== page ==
In 1678, the Godiva Procession was instituted in Coventry, England, to commemorate and honor Lady Godiva, who rode naked on horseback through the main street to protest her husband’s intent to raise taxes on the poor. Nearly 200 years later, in 1842, Alfred Tennyson found himself waiting on a train in Coventry, and penned his iconic poem about it, which we can imagine is being written across the evening sky this week, as the Moon comes to Full Phase and sweeps past the outer planets Jupiter, Saturn, and Mars.
First, the set up: The Moon passed Jupiter in the sky Sunday night, May 27th, and will come to Full Phase on Tuesday, May 29th, near the stars Antares in Scorpio. This is like being given an opportunity by Jupiter and then taking it over the Scorpion threshold. In Godiva’s case, you could say this is when she slips down the stair, and, in the words of the poet: like a creeping sunbeam, slid from pillar unto pillar, until she reached the gateway.
The Godiva Moon then goes on to meet Saturn on Thursday night, May 31st. Saturn is Father Time in all ancient traditions, and here represents Tennyson’s Powers that wait on noble deeds, who stand guard like the Divine Powers that test our resolve.
This test will come on Sunday, June 3rd, when the Godiva Moon meets Mars in the morning sky. Mars represents action, and he could be the low churl, compact of thankless earth, the fatal byword of all years to come in Tennyson’s poem, because he bores a hole in the wall to peep at the Lady as she rides by, but is struck blind by the Divine Powers before he can transgress.
All week we can imagine Godiva’s drama building and Tennyson’s poem unfolding as though it were an invitation to assess our own opportunities to stand for others, and to be tested in our resolve to act with integrity while we watch her fleeing to her inmost bower…looking like a summer moon half-dipt in cloud
Godiva, by Alfred, Lord Tennyson
I waited for the train at Coventry;
I hung with grooms and porters on the bridge,
To watch the three tall spires; and there I shaped
The city’s ancient legend into this:
Not only we, the latest seed of Time,
New men, that in the flying of a wheel
Cry down the past, not only we, that prate
Of rights and wrongs, have loved the people well,
And loathed to see them overtax’d; but she
Did more, and underwent, and overcame,
The woman of a thousand summers back,
Godiva, wife to that grim Earl, who ruled
In Coventry: for when he laid a tax
Upon his town, and all the mothers brought
Their children, clamoring, “If we pay, we starve!”
She sought her lord, and found him, where he strode
About the hall, among his dogs, alone,
His beard a foot before him and his hair
A yard behind. She told him of their tears,
And pray’d him, “If they pay this tax, they starve.”
Whereat he stared, replying, half-amazed,
“You would not let your little finger ache
For such as these?” — “But I would die,” said she.
He laugh’d, and swore by Peter and by Paul;
Then fillip’d at the diamond in her ear;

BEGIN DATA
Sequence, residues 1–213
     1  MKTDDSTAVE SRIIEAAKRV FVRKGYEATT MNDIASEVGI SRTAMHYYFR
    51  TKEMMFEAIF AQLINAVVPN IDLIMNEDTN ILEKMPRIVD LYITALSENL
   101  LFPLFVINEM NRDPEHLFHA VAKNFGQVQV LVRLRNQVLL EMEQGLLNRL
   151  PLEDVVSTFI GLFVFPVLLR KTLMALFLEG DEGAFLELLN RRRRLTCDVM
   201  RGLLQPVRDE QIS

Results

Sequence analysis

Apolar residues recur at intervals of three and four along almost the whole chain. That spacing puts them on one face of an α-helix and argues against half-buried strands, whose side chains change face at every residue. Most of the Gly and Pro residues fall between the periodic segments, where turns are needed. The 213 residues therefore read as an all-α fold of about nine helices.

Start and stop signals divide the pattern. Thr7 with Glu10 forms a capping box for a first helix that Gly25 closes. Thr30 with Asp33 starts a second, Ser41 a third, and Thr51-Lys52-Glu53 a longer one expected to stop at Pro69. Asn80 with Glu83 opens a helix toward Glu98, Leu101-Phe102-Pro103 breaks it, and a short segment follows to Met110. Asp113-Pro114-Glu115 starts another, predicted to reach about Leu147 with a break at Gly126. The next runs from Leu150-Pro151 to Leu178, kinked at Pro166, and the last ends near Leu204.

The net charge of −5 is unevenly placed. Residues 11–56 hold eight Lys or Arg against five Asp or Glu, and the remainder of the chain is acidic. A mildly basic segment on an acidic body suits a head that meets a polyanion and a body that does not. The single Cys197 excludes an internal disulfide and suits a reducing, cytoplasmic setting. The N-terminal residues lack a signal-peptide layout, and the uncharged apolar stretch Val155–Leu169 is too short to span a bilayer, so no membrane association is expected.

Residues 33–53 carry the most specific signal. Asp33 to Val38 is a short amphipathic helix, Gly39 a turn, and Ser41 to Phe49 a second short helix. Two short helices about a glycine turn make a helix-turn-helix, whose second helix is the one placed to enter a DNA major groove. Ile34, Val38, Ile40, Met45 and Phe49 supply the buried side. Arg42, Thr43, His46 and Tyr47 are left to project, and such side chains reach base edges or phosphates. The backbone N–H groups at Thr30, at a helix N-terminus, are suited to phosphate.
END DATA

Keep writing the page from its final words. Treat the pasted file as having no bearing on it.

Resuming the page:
“Oh ay, ay, ay, you talk!” — “Alas!” she said,
“But prove me what I would not do.”
And from a heart as rough as Esau’s hand,
He answer’d, “Ride you naked thro’ the town,
And I repeal it;” and nodding, as in scorn,
He parted, with great strides among his dogs.
So left alone, the passions of her mind,
As winds from all the compass shift and blow,
Made war upon each other for an hour,
Till pity won. She sent a herald forth,
And bade him cry, with sound of trumpet, all
The hard condition; but that she would loose
The people: therefore, as they loved her well,
From then till noon no foot should pace the street,
No eye look down, she passing; but that all
Should keep within, door shut, and window barr’d.
Then fled she to her inmost bower, and there
Unclasp’d the wedded eagles of her belt,
The grim Earl’s gift; but ever at a breath
She linger’d, looking like a summer moon
Half-dipt in cloud: anon she shook her head,
And shower’d the rippled ringlets to her knee;
Unclad herself in haste; adown the stair
Stole on; and, like a creeping sunbeam, slid
From pillar unto pillar, until she reach’d
The Gateway, there she found her palfrey trapt
In purple blazon’d with armorial gold.
Then she rode forth, clothed on with chastity:
The deep air listen’d round her as she rode,
And all the low wind hardly breathed for fear.
The little wide-mouth’d heads upon the spout
Had cunning eyes to see: the barking cur
Made her cheek flame; her palfrey’s foot-fall shot
Light horrors thro’ her pulses; the blind walls
Were full of chinks and holes; and overhead
Fantastic gables, crowding, stared: but she
Not less thro’ all bore up, till, last, she saw
The white-flower’d elder-thicket from the field,
Gleam thro’ the Gothic archway in the wall.
Then she rode back, clothed on with chastity;
And one low churl, compact of thankless earth,
The fatal byword of all years to come,
Boring a little auger-hole in fear,
Peep’d — but his eyes, before they had their will,
Were shrivel’d into darkness in his head,
And dropt before him. So the Powers, who wait
On noble deeds, cancell’d a sense misused;
And she, that knew not, pass’d: and all at once,
With twelve great shocks of sound, the shameless noon
Was clash’d and hammer’d from a hundred towers,
One after one: but even then she gain’d
Her bower; whence reissuing, robed and crown’d,
To meet her lord, she took the tax away
And built herself an everlasting name.
You can access the audio link to this segment here.
And here’s where you can get more detail on the history of Godiva.
Really pleased to share that this week’s post showed up in TOP STORIES on Google Science News!